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Lawmakers, advocates continue push for removal of lead services lines in Illinois

SPRINGFIELD, Ill. – Congress banned states from installing new lead water lines in 1986. Yet, most of the older pipes still haven’t been removed. Illinois state lawmakers hope to finally address that issue this year to make sure everyone has clean water.

Experts say Illinois has one-eighth of all lead service lines in the United States. Lawmakers argue it’s past time to replace those pipes.

Their plan could also create a state grant program to fund the project and technical assistance for utility workers. Research from the Metropolitan Planning Council shows Black and Latinx people in Illinois are twice as likely to live in areas with lead pipes than their white counterparts.

Sen. Melinda Bush (D-Grayslake) says her proposal is a reasonable and equitable path forward to ensure every community eliminates this issue. She also feels this plan is a significant long-term economic engine for Illinois.

“By replacing every lead service line in Illinois, we can create up to 11,000 jobs and $115 billion in economic activity every year,” Bush said.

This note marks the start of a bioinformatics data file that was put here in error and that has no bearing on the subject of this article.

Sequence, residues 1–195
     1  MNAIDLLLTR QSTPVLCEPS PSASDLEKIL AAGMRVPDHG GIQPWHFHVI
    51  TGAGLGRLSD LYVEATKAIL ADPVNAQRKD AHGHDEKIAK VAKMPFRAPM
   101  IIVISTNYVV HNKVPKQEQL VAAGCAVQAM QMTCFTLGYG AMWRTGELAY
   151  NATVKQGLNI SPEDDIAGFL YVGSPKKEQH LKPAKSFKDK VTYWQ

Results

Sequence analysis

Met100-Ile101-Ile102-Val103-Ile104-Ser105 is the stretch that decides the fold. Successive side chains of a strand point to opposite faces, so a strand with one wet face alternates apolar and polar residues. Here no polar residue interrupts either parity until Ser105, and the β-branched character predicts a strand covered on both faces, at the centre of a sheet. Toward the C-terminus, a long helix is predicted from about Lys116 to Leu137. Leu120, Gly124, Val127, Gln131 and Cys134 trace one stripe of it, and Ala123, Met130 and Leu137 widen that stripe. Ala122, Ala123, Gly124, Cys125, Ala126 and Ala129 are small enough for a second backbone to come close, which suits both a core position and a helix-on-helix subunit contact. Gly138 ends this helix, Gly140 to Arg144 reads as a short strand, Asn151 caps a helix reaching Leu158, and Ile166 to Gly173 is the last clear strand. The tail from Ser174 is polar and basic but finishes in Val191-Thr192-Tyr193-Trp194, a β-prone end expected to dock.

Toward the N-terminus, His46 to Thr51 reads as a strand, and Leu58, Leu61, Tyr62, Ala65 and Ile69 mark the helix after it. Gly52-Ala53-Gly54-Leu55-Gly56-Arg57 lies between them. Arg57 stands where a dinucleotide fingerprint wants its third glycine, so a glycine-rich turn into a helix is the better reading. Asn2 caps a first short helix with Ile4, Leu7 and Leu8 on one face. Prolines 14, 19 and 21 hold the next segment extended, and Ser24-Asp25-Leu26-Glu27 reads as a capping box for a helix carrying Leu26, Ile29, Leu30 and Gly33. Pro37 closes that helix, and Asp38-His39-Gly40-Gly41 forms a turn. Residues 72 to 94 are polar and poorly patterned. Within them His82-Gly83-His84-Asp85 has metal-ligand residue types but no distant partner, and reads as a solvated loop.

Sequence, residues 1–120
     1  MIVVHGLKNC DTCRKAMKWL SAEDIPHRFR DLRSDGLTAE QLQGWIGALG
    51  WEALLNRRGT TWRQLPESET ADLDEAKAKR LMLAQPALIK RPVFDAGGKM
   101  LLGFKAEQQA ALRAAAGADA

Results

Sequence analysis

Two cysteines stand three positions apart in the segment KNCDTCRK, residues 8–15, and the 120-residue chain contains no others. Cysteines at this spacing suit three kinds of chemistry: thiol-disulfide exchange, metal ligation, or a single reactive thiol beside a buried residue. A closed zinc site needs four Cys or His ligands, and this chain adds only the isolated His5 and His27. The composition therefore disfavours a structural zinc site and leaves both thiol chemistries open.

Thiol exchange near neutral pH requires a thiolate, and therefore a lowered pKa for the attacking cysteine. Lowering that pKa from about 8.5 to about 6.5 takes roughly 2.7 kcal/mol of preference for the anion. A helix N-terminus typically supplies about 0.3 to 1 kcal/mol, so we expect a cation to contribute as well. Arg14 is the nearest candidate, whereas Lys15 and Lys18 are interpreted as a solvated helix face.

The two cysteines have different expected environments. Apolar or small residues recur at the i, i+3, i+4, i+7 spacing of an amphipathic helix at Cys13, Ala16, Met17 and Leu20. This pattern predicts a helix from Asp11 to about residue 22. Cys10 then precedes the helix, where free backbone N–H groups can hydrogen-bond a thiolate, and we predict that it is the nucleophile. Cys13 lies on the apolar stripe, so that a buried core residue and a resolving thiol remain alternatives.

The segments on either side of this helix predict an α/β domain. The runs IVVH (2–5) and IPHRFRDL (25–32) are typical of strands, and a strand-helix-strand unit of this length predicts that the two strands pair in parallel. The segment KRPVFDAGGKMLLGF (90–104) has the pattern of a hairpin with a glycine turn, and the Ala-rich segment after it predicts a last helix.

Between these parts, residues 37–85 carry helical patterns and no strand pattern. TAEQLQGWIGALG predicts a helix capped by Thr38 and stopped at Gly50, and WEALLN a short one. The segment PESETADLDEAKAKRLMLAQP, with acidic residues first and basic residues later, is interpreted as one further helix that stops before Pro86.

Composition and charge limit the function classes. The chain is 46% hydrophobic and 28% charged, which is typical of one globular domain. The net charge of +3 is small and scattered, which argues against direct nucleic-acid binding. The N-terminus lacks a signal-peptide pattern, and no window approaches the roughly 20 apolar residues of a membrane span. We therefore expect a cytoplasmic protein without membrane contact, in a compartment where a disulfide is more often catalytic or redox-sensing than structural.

The sponsor explained that’s completely separate from the money Illinois could save in education, health care, and criminal justice costs related to lead exposure. Rep. Lamont Robinson Jr. (D-Chicago) championed this proposal in the House before it passed on a 76-31-1 vote.

“65% of Illinois’ Black and Latinx populations and 42% of the Asian American and Native American populations live in communities that contain 94% of the state’s led service lines. Meanwhile, only 30% of the state’s white population lives in these communities,” Robinson noted. “This is clearly environmental injustice.”

Bipartisan fight for change

Rep. Mark Batinick joined several other House GOP members in supporting the proposal. He felt an investment in public health is better than “continuing to pay the price” with lead infrastructure.

“It makes good economic sense to get out in front of this problem and invest in Illinois’ public health, rather than continuing to pay for the problem as we’re doing now,” Batinick said.

He called on Senate Democrats and Republicans to support the plan and improve lives.

The Illinois Environmental Council started working on this legislation in 2017. Deputy Director Colleen Smith explained this is the closest lawmakers and advocates have gotten to having the measure reach the governor’s desk.

“Illinois has an opportunity today with House Bill 3739 to take action and comprehensively address this issue,” Smith said. “We urge the Senate to swiftly pass this bill to prevent another lead crisis and protect the lives of more than 350,000 children at risk of lead poisoning, and in the process create thousands of jobs statewide.”

The legislation now awaits a hearing before the Senate Executive Committee.

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Mike Miletich

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